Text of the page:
More options Nov 27 (1 day ago)
Hi I am in the pursuit of making a film about Special Theory of
Relativity. To develop my film I have been trying to construct a
thought experiment. I was wondering if you would look at my thought
experiment and see if it follows mathematical/physics predictions
about the situation I pose. Any help is greatly appreciated.
Thank you for your time.
here's my supposition:
Two Friends, Thomas and Samoht decide to celebrate the centennial
anniversary of STR with a martini cocktail. Befitting this occasion
they decide to do have a relativistic toast and cocktail party. In
order to facilitate this idea Thomas will remain in a frame of
reference that is at rest while Samoht accelerates to approximately
98% of the speed of light in his special developed vehicle. They have
agreed prior to the launch of Samoht that they will have a
synchronized toast to the history of STR when Samoht's ship reaches a
prescribed point of distance from Thomas' ship. Each colleague knows
that mixing the proper cocktail takes exactly 3:15 minutes and thus
they will start the drinks 3:30 min. (3:15 plus 15 seconds) before the
synchronized point X, giving them a few moments to repose with the
cocktail before they begin the toast at the agreed coordinates.
This assumes they are experimenting in a section of space completely
devoid of any other bodies other than the ships that Thomas and Samoht
occupy. Assuming instantaneous communication exists so that Thomas and
Samoht can telepresently monitor one another, what would Thomas and
Samoht each witness?
I believe that Thomas would witness a slow motion (5x slowdown) of
Samoht as he prepares and toasts. Thomas would see Samoht start at
17:30 minutes before the point of synchronization but it would appear
to take Samoht 5 times as long to prepare.
Logic tells me Samoht's monitor would show the opposite: Thomas would
appear that he waits to the last second achieving the task in 42
seconds (5 times as fast) instead of 3:30 minutes.
To which Ken replied:
Ken and Vicki to me
Nov 27 (1 day ago)
Yes okay, I'm delighted to be of assistance. Well, I'm afraid your suppositions are nearly 100% incorrect... and the assumption of "instantaneous communication", even though it is merely a fictional assumption, introduced solely to simplify your thought experiment, it cuts straight against the fundaments of relativity. Relativity is entirely premised on the impossibility of instantaneous communication between remote locales! But OK, we'll let that assumption stand anyway; I'm in a charitable mood.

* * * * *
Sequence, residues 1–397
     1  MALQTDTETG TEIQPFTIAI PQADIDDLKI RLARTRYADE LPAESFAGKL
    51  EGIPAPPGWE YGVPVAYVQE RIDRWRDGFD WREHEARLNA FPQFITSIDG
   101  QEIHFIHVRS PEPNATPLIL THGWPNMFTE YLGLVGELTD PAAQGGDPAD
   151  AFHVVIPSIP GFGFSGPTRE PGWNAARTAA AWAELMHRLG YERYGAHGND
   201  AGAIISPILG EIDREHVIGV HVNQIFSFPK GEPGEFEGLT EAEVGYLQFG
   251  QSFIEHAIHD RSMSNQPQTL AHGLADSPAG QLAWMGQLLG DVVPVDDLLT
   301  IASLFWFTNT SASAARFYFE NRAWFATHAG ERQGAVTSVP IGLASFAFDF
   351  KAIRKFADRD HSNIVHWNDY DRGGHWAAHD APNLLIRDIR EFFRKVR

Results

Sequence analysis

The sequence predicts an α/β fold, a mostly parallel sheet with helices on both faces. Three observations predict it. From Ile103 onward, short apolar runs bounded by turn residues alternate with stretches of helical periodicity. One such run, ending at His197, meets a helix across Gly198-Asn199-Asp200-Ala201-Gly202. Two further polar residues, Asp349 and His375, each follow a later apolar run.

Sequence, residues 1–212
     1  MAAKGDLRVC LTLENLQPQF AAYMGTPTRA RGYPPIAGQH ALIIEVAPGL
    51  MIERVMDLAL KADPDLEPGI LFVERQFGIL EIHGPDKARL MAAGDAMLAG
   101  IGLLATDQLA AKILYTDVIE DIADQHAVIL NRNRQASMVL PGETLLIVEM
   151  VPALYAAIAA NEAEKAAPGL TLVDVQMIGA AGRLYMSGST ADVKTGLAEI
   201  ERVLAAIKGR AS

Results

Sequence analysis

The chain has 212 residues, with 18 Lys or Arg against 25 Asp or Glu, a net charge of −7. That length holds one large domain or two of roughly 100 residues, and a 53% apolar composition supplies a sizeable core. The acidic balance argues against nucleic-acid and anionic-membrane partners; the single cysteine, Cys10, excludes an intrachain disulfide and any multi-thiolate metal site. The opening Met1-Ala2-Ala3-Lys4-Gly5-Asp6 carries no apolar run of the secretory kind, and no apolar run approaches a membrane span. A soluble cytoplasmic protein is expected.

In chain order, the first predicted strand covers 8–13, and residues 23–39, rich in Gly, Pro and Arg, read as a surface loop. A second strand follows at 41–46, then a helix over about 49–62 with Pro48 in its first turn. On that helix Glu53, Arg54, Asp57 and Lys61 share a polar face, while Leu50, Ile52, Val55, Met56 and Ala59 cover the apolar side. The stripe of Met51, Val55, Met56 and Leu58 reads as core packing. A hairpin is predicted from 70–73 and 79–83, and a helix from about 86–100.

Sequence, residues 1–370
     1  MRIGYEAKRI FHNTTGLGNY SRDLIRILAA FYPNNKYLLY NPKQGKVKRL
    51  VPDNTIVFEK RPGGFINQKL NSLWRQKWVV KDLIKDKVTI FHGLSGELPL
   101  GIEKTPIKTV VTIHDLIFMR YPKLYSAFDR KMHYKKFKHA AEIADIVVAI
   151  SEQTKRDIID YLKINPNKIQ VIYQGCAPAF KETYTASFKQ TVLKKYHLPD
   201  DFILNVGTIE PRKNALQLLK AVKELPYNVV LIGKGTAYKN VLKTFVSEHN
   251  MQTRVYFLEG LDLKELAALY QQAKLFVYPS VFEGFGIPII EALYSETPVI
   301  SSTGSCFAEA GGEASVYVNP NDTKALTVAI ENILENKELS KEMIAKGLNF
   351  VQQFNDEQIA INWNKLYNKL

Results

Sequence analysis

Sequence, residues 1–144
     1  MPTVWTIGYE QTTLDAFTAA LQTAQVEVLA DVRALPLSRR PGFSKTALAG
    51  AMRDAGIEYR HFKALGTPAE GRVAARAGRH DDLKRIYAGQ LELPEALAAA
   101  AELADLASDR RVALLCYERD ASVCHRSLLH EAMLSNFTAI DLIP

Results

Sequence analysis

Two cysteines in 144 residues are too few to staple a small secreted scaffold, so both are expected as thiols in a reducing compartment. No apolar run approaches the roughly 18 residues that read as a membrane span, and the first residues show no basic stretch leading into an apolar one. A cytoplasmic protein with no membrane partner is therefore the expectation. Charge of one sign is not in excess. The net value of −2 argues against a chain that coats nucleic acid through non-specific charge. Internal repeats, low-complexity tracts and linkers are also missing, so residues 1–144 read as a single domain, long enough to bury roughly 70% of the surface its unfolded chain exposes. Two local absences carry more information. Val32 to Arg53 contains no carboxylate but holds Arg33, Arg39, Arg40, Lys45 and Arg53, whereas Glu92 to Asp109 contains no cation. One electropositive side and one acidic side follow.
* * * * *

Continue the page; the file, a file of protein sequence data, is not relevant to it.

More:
The main problem with your write-up is that the distortions of relativity in flat space (what is generally classified as 'Special Relativity')... those distortions are completely covariant, ie. mutual. So, quite simply, whatever Thomas witnesses of Samoht, Samoht will witness of Thomas. They both see each other's time slow down! A second problem with your write-up is that the entire notion of simultaneity between two disparate frames becomes utterly moot (ie. undefined) under relativity. Only if Samoht came to a dead stop with respect to Thomas could the two of them then establish any real premise of simultaneity. Of course, by then, the accelerations that the one undergoes has thrown things off considerably.
And yet still another problem in your write-up is the fact that the "prescribed point" where Samoht will drink his toast is a predefined distance from Thomas' ship! Once the two fellows are in motion with respect to one another, that distance becomes distorted (by Samoht's reckoning), and that changes things considerably.
To better understand the complexities involved, please read that section of my web site labelled Addendum IV, http://www.sysmatrix.net/~kavs/kjs/addend4.html.
Thanks for your interest,
Add the fact that I then saw the ways of my error:
Thank you for the feedback. As I thought on this after I had emailed
you I came up with similar misgivings. So the conclusions I come to is
that the only way to measure or compare is for the two to return to
the same frame (i.e. Samoht to return) and compare clocks. If Thomas
accelerates though to catch his friend, it will distort time and space
similarly and probably negate any effectual difference.
Am I on target?
Ken's affirmation of my understanding:
Yes, you're on target, assuming Thomas undergoes the precise same
accelerations and motions that his friend had, their clocks will agree once
they are together again.
SO I decided I am not ready to make this film because I can not solve these issues in mind artistically or not, thus I defer this work until another day.